The Limelight has a storied past. The property was originally the Ski and Spur Bar, serving outlaws and skiers. In the 1950s, new owners dubbed it “the Limelite,” and it became a popular nightclub. In 2005, a brand-new lodge went up on the site, and in 2008 the Limelight received a makeover ushering it into eco-chic modernity. Rooms come in a range of styles, from dog-friendly one-bedrooms to two-bedroom suites with full kitchens and dining rooms. All rooms have balconies to take in mountain views. The Lounge has become an après hangout and is known for its great beer selection and for hosting local bands Thursday through Monday nights. The hot tub is the perfect spot to relax after a day of hiking or skiing, while the rooftop terrace is a private oasis to take in mountain views. Travelers who want to get a local’s perspective of Aspen will love the hotel’s complimentary activities.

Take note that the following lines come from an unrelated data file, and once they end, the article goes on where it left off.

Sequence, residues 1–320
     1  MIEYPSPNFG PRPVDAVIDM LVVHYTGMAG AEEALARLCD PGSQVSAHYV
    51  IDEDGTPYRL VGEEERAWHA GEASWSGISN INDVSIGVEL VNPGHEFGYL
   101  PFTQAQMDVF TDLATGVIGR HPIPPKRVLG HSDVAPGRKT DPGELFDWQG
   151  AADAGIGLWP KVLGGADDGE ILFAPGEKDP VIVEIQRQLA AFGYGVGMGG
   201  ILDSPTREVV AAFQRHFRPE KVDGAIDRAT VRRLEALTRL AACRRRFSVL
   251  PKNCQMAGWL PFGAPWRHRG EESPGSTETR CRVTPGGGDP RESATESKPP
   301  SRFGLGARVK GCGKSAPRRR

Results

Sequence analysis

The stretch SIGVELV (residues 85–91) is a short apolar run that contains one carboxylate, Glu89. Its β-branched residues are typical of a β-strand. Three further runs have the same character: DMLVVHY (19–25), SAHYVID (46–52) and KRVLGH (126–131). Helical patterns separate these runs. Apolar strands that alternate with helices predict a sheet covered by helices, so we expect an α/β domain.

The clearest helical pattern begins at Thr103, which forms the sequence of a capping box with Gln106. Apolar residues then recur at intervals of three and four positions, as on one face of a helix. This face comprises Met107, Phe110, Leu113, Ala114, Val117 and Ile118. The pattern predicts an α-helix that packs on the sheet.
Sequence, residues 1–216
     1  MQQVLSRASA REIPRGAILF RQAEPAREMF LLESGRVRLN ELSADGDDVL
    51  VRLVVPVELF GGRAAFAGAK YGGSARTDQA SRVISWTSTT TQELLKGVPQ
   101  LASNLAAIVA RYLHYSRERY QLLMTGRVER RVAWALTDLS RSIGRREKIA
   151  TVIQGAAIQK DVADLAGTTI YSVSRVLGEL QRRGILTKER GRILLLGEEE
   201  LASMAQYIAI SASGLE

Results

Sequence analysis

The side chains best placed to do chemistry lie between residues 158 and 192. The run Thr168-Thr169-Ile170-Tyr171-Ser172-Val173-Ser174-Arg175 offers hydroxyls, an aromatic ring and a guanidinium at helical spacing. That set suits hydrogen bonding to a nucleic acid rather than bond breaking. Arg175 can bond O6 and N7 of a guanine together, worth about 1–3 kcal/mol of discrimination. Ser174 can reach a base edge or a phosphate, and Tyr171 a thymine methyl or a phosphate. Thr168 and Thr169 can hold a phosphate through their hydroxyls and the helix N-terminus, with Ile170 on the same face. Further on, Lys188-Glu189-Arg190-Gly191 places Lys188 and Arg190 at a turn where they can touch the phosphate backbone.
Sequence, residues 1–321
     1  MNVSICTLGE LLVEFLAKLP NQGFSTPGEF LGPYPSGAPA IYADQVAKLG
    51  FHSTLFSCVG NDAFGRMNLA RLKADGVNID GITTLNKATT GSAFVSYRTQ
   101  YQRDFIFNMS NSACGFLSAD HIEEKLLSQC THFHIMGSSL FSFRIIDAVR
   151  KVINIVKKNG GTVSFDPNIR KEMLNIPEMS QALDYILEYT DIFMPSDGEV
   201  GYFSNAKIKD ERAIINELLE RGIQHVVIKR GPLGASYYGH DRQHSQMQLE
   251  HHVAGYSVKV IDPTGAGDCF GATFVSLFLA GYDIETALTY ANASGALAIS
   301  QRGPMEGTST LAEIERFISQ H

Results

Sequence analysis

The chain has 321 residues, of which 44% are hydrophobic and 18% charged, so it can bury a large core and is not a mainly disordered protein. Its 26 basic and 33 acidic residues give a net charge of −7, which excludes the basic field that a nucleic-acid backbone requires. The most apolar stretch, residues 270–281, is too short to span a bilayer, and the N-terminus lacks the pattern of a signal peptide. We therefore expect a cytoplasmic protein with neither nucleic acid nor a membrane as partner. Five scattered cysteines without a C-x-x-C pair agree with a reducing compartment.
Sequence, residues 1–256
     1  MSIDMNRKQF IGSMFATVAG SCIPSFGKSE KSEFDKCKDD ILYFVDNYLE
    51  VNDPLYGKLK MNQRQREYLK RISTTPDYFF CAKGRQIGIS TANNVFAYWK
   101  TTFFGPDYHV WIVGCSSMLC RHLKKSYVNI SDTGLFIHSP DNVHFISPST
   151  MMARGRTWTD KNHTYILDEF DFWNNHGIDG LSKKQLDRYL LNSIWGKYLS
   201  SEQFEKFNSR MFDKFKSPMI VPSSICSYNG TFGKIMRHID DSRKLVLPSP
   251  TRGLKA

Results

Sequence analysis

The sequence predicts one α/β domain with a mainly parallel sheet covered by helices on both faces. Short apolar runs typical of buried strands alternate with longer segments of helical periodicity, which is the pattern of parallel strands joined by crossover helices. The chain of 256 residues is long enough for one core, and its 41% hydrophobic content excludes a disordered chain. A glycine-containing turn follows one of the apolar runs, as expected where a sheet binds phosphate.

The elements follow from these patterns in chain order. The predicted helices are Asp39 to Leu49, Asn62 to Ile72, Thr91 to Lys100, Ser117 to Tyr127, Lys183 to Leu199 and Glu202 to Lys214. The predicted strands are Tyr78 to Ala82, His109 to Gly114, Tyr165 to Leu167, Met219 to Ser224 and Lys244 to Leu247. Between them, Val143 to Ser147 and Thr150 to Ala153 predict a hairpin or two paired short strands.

675 E Durant Ave, Aspen, CO 81611, USA
The Little Nell exudes understated mountain-town luxury. This five-star property has Aspen’s most coveted location, set at the base of Aspen Mountain, just steps from the Silver Queen Gondola. Interior designer Holly Hunt refreshed the rooms with a stylish yet cozy new look in 2012. The Nell is all about options and offers a range of accommodations, including residences. All come with gas log fireplaces, and most have private balconies. The service is what sets the Nell apart. A team of ski concierges can help with everything from boot warming to tune-ups; in summer, the team connects guests with top guides for fly-fishing, mountain biking, and hiking. Ajax Tavern is the place to be for après-ski, and it’s the ultimate spot to people watch during the annual Aspen Food & Wine Classic. Even pets get VIP service and amenities such as puppy jet-lag kits and epicurean dog treats.